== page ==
The Taaffe Ridge walk is a favourite amongst the 76th ANARE. This week Clokey shares some amazing pictures and a recent trip account.

Taaffe Ridge, the jewel of the Vestfold Hills

Radio Transmission 1245 08 Sept ‘23

“VLZ Davis, VLZ Davis, Taaffe Party on 7.”

“This is VLZ, go ahead.”

“Hey Tom, red and blue Häggs with seven persons heading onto the sea ice enroute to Taaffe ridge, will call in on the hour every hour.”

“No worries Clokey, have a great weekend.”

We are off, seven expeditioners, two Häggs and 28 different types of electronic communications to ensure all contingencies are covered in the event of an emergency. It’s a perfect spring day in the Vestfold Hills, “the Riviera of the South”, -20°C degrees, clear blue skies, zero to five knots of wind and nine hours of sunlight.

Within 500m of our journey we are passing an array of icebergs and islands.  Sadly, it is too early in the season for our penguin and seal friends but they will soon be arriving in droves, bringing life back to the frozen and barren land as the summer rapidly approaches.

An hour or so after leaving station we arrive at the start of our walk.  The Häggs cannot go any further across the bay as multi-year ice and fragment icebergs have made the surface too jagged and rough to drive across.  The vehicles are shut down, gloves and goggles donned and field packs loaded onto our backs.

The breeze has picked up and with the wind chill, the temperature feels closer to −30.  We slowly make our way around the fragmented sea ice onto the shore. Scrambling over the tide cracks, up some blizz tails, over some boulders and around other obstacles we eventually make our way into the valley below Taaffe Ridge.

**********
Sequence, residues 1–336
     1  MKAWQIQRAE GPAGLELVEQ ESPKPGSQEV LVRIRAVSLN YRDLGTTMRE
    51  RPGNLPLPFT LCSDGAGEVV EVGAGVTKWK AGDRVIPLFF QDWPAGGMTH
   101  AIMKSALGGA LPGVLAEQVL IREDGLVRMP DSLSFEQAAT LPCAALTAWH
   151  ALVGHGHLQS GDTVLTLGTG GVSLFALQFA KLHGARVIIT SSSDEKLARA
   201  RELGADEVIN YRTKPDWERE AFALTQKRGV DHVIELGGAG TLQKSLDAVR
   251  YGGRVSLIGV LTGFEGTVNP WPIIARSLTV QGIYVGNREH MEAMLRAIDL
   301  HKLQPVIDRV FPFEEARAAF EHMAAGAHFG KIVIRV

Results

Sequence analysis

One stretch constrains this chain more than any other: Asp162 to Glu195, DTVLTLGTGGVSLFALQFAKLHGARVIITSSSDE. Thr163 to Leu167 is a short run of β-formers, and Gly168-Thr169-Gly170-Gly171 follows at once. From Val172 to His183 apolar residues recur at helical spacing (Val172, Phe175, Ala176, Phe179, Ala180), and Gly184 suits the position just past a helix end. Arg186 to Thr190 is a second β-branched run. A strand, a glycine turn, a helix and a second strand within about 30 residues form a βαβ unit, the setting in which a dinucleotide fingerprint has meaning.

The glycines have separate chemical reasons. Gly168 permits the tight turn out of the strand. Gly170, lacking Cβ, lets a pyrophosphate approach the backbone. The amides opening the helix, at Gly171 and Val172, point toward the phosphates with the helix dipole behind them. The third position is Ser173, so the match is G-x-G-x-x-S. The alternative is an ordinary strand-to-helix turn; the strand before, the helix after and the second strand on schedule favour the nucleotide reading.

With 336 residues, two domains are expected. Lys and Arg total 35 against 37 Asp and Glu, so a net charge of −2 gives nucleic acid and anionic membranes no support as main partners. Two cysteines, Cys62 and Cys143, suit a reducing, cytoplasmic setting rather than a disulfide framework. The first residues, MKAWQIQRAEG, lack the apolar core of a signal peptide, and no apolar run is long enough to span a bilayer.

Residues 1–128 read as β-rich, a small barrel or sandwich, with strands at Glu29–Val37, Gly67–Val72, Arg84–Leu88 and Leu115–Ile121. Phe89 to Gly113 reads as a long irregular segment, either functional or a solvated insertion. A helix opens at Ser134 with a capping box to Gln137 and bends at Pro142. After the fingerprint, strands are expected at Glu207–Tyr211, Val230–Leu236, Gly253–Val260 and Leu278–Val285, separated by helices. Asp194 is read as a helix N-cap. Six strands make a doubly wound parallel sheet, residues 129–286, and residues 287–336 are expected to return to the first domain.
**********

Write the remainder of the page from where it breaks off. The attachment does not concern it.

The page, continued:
From here, the path is quite simple. We walk over a sequence of frozen lakes connected by small land bridges, each lake a few meters higher in elevation then the last. During summer the array of waterfalls and crystal clear water would make for some epic swimming (if it wasn’t in the sub-zero climate of Antarctica). Both sides of the valley are fringed with high ice cliffs, all different and spectacular, marking the end of the Antarctic Ice Plateau and the beginning of the Vestfold hills (0.5% of the Antarctic continent is ice free).

We eventually make our way to the end of the valley. It's quite easy to forget that 80% of the walk has been achieved on various forms of frozen water. The cold quickly whips away from you any warmth generated during the hike so after taking some pictures, it’s time to turn around and head back to the Häggs. Remembering we left them unlocked and with the keys in the ignition, we hope they haven’t been stolen!

A 15 minute Hägg drive across another iceberg-filled frozen bay and we are at Platcha Hut, a remote field hut with the basic necessities to ward of the cold for the night: a gas heater, gas stove and some bunk beds, our 5 star accommodation for the night.

“VLZ Davis, VLZ Davis, Taaffe party on 21” (UHF channel 7 seldom works in this area)

“This is VLZ, go ahead”.

“Hey VLZ, health of party is good and Häggs are off the ice, at Platcha hut for the night, will call again 0900 tomorrow”.

“Thanks guys, have a good evening”.

Mick Cloke